Susannah Lippman's subliminal tape site, www.alphasonics.com and clicking the link called
Chocolate for Health, or check out the blog at www.darkchocolatebenefits.net for more videos. But this is the most fun-oriented company with the most skilled trainers and warm support I've ever encountered, you would be fortunate to be a part of it at any price.

Saturday, February 7, 2009


I'll admit it, as long as I've been doing this, I still get frustrated at some of the small stuff. And that's what I consider someone telling me "I can't afford it." Small stuff. Small thinking, small imagination, small hopes, smaller results and smaller future.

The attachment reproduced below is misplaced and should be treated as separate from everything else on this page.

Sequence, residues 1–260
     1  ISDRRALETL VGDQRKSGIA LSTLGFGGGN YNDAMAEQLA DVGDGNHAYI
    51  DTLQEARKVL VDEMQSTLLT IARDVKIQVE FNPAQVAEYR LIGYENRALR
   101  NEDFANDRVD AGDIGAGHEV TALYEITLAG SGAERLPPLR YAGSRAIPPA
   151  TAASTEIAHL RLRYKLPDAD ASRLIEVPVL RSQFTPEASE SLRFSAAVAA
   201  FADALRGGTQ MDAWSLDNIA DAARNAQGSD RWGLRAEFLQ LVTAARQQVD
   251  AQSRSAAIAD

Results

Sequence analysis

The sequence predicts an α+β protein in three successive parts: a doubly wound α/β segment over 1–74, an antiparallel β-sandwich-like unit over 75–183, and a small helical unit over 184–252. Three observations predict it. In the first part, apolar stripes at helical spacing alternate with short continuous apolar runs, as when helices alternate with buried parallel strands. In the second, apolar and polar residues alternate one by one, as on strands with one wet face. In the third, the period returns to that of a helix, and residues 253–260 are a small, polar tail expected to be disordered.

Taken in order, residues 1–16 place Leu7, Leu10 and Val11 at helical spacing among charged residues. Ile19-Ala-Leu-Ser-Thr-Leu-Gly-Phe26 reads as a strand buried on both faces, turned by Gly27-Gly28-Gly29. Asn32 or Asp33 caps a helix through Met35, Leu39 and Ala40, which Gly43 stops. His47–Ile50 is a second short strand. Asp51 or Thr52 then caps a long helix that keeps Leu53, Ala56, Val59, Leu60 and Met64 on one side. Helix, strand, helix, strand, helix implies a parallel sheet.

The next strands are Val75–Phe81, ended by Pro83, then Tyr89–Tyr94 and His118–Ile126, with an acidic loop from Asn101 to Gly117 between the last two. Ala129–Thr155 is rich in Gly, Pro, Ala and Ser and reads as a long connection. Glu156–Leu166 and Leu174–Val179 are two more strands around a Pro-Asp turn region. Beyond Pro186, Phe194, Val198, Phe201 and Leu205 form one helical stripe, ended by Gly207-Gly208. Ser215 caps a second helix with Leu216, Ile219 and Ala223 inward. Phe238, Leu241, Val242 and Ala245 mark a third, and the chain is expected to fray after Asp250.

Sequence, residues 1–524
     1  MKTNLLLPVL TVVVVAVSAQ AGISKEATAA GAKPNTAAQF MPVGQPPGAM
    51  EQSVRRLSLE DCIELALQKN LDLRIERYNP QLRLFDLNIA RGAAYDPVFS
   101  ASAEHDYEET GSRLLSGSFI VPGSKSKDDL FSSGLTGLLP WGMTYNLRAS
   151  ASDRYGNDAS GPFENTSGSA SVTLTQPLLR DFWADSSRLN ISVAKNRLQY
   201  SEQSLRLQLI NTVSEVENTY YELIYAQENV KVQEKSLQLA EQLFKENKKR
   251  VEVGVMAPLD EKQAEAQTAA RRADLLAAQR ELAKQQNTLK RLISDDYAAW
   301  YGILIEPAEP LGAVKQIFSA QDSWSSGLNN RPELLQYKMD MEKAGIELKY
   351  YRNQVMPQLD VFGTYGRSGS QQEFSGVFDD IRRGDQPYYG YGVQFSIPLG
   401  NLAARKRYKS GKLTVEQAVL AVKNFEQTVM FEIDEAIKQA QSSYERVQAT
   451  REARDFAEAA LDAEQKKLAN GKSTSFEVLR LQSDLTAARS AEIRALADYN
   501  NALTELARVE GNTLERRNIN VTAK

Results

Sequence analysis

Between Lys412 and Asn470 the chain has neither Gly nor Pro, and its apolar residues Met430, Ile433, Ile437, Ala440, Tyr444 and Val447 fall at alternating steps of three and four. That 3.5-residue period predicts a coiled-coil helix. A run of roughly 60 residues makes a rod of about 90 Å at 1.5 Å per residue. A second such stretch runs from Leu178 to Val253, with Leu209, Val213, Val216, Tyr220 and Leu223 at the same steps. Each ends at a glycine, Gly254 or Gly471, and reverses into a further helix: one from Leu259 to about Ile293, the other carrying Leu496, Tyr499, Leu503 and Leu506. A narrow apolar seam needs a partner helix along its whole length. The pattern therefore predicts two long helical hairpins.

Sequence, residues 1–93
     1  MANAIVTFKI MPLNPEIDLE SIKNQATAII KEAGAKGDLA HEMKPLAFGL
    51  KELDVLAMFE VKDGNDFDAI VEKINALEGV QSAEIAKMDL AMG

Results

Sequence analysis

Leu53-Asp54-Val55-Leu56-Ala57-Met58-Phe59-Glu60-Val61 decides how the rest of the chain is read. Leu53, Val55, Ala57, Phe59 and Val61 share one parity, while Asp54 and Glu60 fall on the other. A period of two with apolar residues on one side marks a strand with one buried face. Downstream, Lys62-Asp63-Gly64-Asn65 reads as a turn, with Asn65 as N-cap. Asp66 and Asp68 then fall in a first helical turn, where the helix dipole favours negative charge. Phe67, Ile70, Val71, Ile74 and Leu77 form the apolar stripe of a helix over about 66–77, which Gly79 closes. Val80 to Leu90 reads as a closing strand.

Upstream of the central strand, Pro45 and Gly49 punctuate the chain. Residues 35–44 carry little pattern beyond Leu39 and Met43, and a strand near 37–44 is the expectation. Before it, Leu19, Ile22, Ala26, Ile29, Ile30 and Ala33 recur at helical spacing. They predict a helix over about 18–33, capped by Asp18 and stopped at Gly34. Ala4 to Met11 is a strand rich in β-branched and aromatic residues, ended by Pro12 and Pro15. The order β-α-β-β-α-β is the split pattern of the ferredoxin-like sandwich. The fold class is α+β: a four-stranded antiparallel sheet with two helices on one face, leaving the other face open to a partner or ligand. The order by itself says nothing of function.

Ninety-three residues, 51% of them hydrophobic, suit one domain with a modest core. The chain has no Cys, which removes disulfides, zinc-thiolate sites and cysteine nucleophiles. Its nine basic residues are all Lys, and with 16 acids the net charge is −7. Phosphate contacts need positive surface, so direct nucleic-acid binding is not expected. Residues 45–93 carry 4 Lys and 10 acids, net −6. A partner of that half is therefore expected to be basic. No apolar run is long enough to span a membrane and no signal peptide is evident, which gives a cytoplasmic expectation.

Have I gotten your attention? Good--I'll try to keep it. When I wrote MONEYLOVE, I titled the first chapter, DO YOU REALLY WANT TO BE RICH? I did that for a reason, one that still holds up and is still very relevant. Many people say they want financial independence, but are not willing to walk the talk, to set the goals and make the realistic decisions it's going to take. I know what I'm talking about because I've been studying this for over thirty years, and I've been guilty of this poverty consciousness myself. In fact, just recently someone asked me if I could fly out and visit them at the other end of the country. I said, "I can't afford that yet." Which is still better than "I can't afford it." At least I was willing to declare my inability to afford it was temporary, was going to change.